From then on, their work together took place at all hours. “It was one of those things where my wife complained that I saw Shanghua more than I saw her for a few years,” Spielman says. Teng worked full time at Akamai in Cambridge, but he went to Spielman’s apartment almost every night after work and on weekends. “We’d stay up for many hours, probably till two, working,” Spielman notes. Teng adds, “I was like an adopted member of Dan’s family. Even their cat, Chloe, became so used to our presence that she would perch in front of the whiteboard and watch attentively whenever we set it up.” The researchers thanked Chloe in their journal paper’s acknowledgments.
To keep track of their work, Spielman continued his working journals, writing down every thought and equation the whiteboards contained before erasing them. Today, a dozen of these 200-page, notebook-size journals line a bookshelf in his Building 2 office. He says about 60 percent of the information the journals contain is work on smoothed analysis. Meanwhile, Teng used a digital camera to take about 40 photographs of the whiteboards before they were erased.
Finally Answering Why
The result of all this research was the answer to the simple question “Why?” Spielman and Teng finally figured out why the simplex method has worked so well all this time. They did it by developing a new way to analyze the algorithm.
Until their discovery, most mathematicians measured algorithms by using “worst-case analysis,” in which an algorithm is given the most difficult data and then judged on how well it can calculate with it. It would be as if someone handed you the worst possible long-division problem you could imagine and then tested to see whether you could solve it and how long it would take. But this just didn’t work with the simplex method.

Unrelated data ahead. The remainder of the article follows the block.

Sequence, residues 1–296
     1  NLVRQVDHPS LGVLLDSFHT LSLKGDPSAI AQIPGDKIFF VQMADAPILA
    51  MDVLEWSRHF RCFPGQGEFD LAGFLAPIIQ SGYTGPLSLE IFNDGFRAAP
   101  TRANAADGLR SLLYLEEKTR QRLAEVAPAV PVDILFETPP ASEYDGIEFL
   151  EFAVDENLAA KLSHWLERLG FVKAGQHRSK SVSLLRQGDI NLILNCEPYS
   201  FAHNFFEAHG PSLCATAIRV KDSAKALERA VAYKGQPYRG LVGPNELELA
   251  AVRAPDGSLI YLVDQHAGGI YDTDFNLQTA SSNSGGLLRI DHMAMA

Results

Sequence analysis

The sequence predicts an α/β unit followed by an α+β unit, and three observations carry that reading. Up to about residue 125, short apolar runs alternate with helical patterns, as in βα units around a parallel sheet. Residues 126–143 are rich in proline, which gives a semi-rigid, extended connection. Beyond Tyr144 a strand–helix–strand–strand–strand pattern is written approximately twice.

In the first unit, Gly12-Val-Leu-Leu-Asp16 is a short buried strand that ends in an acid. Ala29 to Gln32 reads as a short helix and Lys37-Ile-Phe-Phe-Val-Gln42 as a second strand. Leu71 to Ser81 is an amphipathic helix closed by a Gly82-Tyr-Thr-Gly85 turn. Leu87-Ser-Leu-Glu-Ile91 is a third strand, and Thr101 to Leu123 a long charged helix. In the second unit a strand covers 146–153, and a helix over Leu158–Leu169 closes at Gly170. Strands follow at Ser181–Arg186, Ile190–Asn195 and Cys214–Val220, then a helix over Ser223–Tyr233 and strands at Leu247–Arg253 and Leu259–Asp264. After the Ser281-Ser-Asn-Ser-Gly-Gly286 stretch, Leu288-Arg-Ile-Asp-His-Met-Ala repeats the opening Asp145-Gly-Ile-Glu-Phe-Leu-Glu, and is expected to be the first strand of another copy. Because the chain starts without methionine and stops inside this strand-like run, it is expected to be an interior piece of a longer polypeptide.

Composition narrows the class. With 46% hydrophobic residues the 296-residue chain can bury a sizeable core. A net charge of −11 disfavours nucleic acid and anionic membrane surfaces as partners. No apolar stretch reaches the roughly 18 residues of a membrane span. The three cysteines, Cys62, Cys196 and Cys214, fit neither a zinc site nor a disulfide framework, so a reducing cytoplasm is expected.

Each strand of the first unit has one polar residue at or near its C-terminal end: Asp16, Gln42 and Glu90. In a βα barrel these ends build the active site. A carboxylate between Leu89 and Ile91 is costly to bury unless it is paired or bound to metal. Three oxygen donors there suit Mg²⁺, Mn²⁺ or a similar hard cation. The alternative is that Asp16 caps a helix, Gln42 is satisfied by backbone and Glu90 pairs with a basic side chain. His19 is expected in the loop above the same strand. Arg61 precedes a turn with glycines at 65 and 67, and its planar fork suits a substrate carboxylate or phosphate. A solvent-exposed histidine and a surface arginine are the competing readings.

So Spielman and Teng found a new approach. They introduced some variability into worst-case analysis. Instead of using exact numbers as inputs to test the algorithm, they allowed imprecision. For example, if the input was 1.31, they allowed a random input between 1.29 and 1.33. They discovered that by allowing for imprecision, the simplex algorithm always efficiently solved the problem, and that is why it has been so successful.
The idea sounds simple, but the mathematics that support it are complex. Spielman and Teng’s first journal paper on the subject, now under review by the Association for Computing Machinery’s Journal of the ACM, contains 80 pages of equations. “I don’t know if that many people could walk through the paper,” Spielman says. In fact, writing the paper even confused Spielman and Teng on occasion. “A couple of times we just threw out what was written and wrote afresh, because if it was complicated for us, it was going to be even more complicated for [other] people,” says Spielman.
Spielman and Teng have presented their findings around the world to enthusiastic response. They published a conference paper in 2001, and since then, both have given invited presentations and keynote addresses throughout the United States and in China, Turkey, Italy, Switzerland, and Denmark.
“This smoothed analysis is an important development,” says Michel Goemans, PhD ‘90, an MIT professor of applied mathematics. And David Johnson, head of the Algorithms and Optimization Department at AT&T Labs-Research, says, “[Smoothed analysis] provides an extra level of confidence for those who use the simplex method.”
Spielman says he hasn’t pulled out his whiteboard since last summer, when the journal paper was finally finished, “but without it, we never would have managed to write the paper.” Now, Spielman recommends that young researchers buy big whiteboards as a good first step toward making breakthroughs. However, Teng attributes a big part of their success to Spielman’s “dynamic” mind and “great taste” in choosing research problems. “He always has the courage to work on the hardest open problem in the field,” Teng says, and that might be an even better starting point for researchers and curious people everywhere.